Committee approves plan to examine the cost of rebate for roof-committed Calgary homeowners

The plan would mean that the applicant intake would close; 1,500+ currently on a waitlist

Houses were still being repaired in northeast Calgary in 2021, a year after the devastating June 2020 hailstorm. KIRSTEN PHILLIPS / FOR LIVEWIRE CALGARY

Calgary’s Executive Committee has approved a potential plan to look at limited additional funding for resilient roofing rebate applicants.

The committee received an update on the program Tuesday. City administration recommended that the program end once existing cash was exhausted.

The program was in place to aid Calgary homeowners hit hard by a June 2020 hailstorm, who were willing to upgrade to hail-resistant roofing. Currently, there are roughly 1,575 people on the waitlist.

Ward 5 Coun. Raj Dhaliwal put forward an amended set of recommendations that he said would honour the city’s initial commitment.

Dhaliwal wanted an updated report to see how many people are on the waiting list. He also wanted to know how many of those have already replaced their roofing material, contingent on the potential city funding.

“The scars of the 2020 hailstorm, they’re still evident. At least in Ward 5 people are still struggling to get their insurance claims, they’re still working with insurance companies to get claims and they are still figuring out if they’re going to be accessing this program,” he said.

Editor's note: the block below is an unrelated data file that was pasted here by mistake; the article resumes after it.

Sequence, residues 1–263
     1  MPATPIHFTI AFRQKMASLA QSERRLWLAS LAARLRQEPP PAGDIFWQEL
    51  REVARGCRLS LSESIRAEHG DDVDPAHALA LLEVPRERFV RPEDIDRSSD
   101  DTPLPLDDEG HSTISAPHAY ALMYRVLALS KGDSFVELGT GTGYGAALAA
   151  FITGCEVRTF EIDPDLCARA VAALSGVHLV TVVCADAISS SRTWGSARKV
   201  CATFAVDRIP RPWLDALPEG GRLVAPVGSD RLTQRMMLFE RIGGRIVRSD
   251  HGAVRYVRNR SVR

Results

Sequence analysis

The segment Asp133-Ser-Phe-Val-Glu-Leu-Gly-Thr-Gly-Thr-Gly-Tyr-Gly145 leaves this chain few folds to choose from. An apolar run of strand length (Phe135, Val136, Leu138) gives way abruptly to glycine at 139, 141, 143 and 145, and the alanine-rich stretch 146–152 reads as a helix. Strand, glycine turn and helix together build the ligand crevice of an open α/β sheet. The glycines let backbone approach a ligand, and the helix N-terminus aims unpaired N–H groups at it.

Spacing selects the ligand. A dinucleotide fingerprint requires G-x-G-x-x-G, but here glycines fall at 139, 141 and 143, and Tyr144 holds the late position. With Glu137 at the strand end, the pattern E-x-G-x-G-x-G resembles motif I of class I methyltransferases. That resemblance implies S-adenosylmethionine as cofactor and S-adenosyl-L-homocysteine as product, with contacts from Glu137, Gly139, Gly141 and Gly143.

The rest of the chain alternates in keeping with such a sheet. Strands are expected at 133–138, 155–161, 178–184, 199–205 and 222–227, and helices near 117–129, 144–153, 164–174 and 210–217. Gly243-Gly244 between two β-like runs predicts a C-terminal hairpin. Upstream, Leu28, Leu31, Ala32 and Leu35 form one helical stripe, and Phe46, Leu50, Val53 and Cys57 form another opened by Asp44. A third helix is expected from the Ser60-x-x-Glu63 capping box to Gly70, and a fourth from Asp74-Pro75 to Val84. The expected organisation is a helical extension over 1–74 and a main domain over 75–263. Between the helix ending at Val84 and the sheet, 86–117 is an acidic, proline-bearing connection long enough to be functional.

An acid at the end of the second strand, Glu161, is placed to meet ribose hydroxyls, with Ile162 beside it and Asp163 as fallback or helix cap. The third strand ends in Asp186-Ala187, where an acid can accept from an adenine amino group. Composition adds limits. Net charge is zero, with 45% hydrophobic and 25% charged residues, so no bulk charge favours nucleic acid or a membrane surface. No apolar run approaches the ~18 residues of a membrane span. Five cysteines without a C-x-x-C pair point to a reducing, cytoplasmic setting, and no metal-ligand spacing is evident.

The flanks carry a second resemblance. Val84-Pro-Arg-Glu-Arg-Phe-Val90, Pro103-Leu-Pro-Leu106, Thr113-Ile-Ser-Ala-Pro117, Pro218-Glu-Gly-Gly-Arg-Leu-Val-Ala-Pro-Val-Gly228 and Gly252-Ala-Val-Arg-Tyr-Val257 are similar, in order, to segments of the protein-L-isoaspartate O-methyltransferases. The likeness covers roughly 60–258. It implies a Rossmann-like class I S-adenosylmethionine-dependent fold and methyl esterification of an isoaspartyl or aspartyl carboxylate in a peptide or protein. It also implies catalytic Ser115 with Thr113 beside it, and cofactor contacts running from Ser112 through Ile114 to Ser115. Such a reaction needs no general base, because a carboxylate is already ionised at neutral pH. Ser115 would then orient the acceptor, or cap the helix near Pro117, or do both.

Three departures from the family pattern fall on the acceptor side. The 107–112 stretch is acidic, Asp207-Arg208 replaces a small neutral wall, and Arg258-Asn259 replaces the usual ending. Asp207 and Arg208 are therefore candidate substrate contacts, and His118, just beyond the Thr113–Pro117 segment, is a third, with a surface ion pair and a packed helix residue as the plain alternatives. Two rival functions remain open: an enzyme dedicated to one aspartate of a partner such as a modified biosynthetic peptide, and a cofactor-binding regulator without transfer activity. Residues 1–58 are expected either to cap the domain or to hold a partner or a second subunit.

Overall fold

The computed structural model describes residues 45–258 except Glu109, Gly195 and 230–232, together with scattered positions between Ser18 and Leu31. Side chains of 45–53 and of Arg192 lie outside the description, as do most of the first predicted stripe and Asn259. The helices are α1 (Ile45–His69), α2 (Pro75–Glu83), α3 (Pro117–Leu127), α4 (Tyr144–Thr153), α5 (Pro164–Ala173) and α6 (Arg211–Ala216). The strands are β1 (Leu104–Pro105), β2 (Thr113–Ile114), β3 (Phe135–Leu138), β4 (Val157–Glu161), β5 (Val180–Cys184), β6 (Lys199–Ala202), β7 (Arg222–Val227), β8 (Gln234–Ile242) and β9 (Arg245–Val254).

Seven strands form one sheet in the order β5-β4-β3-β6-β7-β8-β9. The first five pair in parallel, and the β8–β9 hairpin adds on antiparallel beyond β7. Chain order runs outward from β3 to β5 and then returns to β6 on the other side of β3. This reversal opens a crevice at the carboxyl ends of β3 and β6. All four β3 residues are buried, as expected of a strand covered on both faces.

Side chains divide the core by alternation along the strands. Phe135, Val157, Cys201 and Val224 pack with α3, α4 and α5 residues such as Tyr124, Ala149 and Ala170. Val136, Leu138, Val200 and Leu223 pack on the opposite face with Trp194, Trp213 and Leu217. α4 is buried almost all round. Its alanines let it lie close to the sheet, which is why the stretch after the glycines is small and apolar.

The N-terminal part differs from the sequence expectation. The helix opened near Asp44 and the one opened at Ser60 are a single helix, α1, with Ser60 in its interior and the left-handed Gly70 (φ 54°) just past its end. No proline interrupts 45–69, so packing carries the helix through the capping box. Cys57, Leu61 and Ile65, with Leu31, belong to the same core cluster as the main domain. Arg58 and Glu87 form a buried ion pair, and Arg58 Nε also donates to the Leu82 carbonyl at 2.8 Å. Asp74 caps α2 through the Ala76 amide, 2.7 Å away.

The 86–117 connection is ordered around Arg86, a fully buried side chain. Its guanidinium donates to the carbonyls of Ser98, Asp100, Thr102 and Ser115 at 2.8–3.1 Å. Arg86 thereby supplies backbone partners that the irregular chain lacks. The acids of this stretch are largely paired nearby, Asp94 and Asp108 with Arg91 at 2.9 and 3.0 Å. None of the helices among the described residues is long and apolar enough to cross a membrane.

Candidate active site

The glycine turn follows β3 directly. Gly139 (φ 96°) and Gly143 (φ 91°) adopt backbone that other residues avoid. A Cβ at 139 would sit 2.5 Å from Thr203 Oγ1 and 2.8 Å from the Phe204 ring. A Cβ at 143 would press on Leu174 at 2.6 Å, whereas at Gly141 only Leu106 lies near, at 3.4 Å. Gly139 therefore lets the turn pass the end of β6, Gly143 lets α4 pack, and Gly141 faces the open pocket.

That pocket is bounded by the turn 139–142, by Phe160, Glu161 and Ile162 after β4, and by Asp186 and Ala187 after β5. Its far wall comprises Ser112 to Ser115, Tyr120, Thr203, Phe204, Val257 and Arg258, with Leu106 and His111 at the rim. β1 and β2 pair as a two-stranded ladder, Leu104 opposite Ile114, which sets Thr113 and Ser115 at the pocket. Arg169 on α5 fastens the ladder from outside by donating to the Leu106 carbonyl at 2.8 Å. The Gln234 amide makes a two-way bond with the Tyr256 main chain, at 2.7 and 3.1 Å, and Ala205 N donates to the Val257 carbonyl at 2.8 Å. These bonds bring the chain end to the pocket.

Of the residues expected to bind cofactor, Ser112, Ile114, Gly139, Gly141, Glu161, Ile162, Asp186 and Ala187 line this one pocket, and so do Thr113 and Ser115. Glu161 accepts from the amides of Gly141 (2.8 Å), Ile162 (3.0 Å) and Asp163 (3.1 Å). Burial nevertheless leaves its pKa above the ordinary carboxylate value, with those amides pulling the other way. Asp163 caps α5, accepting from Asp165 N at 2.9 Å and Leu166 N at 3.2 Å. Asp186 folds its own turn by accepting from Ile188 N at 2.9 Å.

“If we’re going to put an end to this right now, they may be left stranded with no help from the city.”

Dhaliwal wanted to identify the total rebate cost to homeowners that have already replaced their roofing. In addition, he’d like to see what the cost would be to cover those remaining rebates, along with a potential funding source.

He’d also like to end the rebate application intake.

Winners and losers?

Ward 13 Coun. Dan McLean said he felt as though this lottery-type system picked winners and losers. Still, he supported it after seeing how many Ward 13 residents applied.

Later, it was clarified that it was a first-come, first-served application system. All applicants were then reviewed for eligibility.

City administration said that it would likely cost at least $5 million to cover the cost of all 1,500+ waitlist applicants.

Ward 10 Coun. Andre Chabot said that he’d like to see the city once again look to the province or feds to provide the cash.

“I think we are delving into an area that’s not a municipal responsibility and provincial government and the federal government have already, well, the provincial government said no,” Chabot said.

“I think we should go back to them and say, ‘Listen, there’s been a huge uptake. Huge need. You guys need to step up.’”

The revised set of amendments was approved 10-2 at committee. Couns. Chabot and Peter Demong were opposed.

It still needs final approval at the May 10 combined meeting of council.

About Darren Krause 1184 Articles
Journalist, husband, father, golfer, writer, painter, video gamer, gardener, amateur botanist, dreamer, realist... never in that order.

Be the first to comment

Leave a Reply

This site uses Akismet to reduce spam. Learn how your comment data is processed.